So Joshua tells them.
You can't do it; you're not able to worship GOD.
And Joshua warns them that they will pay the price if they start fooling around… engaging in sin and idolatry… there will be a price to pay.
He'll put an end to you--and after all the good he has done for you!"
Of course the people protest again and declare all the louder that they will do as Joshua and his family…
And follow the God of the Patriarchs and the God of Moses.
But the people told Joshua: "No! No! We worship GOD!"
So be it Joshua tells them.
You are witnesses against yourselves that you have chosen GOD for yourselves--to worship him."
Witnesses against yourselves.
What if we were witnesses against our own faith statements?
What if we were held to our youthful and enthusiastic declarations we made at our confirmation and baptism?
What if God held us accountable… and measured our behaviors against our stated faith?
What would be the verdict?
Would it be as swift and sure as Joshua suggests…]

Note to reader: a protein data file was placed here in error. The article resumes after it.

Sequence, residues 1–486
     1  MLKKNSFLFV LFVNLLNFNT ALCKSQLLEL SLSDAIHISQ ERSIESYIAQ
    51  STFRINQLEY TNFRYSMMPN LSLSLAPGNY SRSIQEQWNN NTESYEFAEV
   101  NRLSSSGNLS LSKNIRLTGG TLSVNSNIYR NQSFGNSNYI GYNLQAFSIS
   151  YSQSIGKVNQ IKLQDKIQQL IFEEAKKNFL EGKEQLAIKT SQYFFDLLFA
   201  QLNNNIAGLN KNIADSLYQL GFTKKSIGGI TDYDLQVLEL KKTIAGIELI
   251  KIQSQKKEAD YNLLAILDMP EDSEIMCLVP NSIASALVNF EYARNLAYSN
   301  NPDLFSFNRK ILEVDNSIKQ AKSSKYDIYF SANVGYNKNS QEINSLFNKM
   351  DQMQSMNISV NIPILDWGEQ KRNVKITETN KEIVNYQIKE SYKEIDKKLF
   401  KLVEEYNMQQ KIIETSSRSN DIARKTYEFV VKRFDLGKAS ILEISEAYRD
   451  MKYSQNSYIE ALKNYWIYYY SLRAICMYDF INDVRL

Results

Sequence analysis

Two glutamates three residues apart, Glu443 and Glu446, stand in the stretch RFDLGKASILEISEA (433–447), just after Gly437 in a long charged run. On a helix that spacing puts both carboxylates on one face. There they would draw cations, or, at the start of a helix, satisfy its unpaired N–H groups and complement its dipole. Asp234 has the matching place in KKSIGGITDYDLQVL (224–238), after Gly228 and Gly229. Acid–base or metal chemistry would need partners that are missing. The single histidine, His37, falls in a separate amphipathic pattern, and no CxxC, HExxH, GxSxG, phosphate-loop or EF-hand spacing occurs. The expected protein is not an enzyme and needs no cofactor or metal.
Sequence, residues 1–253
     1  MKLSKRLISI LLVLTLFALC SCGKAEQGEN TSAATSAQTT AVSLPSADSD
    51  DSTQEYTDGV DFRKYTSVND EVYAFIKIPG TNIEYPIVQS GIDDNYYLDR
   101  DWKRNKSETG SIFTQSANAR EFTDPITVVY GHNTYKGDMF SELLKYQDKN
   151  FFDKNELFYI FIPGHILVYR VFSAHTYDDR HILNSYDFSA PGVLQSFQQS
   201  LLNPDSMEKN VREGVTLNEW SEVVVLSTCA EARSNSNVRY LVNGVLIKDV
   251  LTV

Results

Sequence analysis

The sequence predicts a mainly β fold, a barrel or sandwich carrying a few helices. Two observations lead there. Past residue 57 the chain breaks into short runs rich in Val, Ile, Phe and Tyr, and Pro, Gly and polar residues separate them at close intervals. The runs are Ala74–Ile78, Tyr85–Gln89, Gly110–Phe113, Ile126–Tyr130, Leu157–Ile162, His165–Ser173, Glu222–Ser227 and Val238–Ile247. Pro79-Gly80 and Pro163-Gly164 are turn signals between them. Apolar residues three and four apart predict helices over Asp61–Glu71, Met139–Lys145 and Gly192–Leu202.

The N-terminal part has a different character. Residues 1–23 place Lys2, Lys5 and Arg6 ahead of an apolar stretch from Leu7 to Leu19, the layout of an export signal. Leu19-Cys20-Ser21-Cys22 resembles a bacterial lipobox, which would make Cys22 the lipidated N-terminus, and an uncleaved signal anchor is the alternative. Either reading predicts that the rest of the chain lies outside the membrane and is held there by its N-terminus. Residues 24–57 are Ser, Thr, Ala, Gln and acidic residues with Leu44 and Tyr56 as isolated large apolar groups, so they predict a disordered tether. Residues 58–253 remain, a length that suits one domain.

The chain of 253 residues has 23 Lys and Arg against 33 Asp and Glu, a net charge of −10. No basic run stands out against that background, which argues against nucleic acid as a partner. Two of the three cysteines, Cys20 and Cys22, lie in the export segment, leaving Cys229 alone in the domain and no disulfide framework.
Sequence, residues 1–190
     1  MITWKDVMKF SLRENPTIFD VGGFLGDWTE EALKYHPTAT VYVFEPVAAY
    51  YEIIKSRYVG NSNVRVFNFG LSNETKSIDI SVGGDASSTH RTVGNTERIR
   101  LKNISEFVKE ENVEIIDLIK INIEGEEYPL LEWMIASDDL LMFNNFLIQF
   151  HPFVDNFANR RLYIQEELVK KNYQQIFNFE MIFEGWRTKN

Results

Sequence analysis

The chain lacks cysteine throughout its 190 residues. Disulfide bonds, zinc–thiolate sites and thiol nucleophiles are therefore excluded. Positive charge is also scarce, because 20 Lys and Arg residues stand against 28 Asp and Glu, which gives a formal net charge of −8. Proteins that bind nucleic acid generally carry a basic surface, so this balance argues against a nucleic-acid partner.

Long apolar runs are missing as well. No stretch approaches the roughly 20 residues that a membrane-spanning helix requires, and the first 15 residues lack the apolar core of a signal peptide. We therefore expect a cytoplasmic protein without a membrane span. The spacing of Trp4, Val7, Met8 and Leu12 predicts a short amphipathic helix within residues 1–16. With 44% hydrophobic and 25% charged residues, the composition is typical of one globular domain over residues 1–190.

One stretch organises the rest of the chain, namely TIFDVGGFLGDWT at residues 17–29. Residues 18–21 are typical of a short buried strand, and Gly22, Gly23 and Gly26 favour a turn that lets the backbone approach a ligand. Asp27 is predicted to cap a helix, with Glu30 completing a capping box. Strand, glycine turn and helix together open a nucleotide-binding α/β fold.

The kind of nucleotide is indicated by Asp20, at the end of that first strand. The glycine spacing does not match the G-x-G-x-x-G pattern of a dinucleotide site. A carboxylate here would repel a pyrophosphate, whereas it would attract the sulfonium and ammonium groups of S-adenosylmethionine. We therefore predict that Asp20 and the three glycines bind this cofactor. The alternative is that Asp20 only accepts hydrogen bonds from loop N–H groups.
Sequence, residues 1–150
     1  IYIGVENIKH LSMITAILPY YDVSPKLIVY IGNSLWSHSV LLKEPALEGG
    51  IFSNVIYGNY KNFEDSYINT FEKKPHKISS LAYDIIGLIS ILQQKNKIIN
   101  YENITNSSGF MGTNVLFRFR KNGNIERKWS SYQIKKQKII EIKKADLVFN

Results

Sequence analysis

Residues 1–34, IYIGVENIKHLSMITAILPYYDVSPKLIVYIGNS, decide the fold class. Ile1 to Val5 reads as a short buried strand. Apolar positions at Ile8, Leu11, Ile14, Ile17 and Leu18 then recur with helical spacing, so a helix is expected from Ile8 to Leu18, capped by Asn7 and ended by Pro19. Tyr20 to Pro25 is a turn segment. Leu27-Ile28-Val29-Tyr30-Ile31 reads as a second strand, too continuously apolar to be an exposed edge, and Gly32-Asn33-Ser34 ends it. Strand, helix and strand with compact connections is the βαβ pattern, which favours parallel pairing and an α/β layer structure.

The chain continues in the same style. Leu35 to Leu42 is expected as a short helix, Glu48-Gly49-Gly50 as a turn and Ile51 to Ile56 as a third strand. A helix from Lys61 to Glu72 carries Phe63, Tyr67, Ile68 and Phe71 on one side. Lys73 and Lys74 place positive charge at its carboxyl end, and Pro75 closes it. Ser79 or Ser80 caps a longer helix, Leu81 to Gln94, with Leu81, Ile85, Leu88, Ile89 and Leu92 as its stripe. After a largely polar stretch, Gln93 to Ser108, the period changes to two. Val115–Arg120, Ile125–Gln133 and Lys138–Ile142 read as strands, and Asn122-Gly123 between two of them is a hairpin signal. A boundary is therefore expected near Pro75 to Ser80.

He'll put an end to you--and after all the good he has done for you!"
Do any of us believe that?
Do any of us believe that we as persons… as a nation… stand in judgment because of our beliefs and behaviors?
Do we believe that there is anything seriously at stake because we might abandon the faith we once had?

Certainly there is a danger for any prophet or preacher to call down hellfire and damnation upon people or nations that they believe have transgressed so badly that God must punish them.
Self-righteousness and self-congratulatory prophets who doom others seem all too often to stand outside the standards of faith and the consequences of judgment they proclaim.

Biblical prophets never truck in such phony and arrogant prophesies.
More likely they understand that the judgment God will wreak upon God’s people will fall also upon their heads.

This is why I believe Joshua will not let the people of Israel off with so easy a confession of faith.
"Now get rid of all the foreign gods you have with you. Say an unqualified Yes to GOD, the God of Israel."
Faith for Joshua is serious business.
It is not enough to say you believe in the God of the Patriarchs and the God of Moses.
They must rid themselves of their other gods…
Their gods of convenience and comfort…
Gods whose purposes are to please and comfort its worshippers…
Always grant them victory and success… happiness and heaven.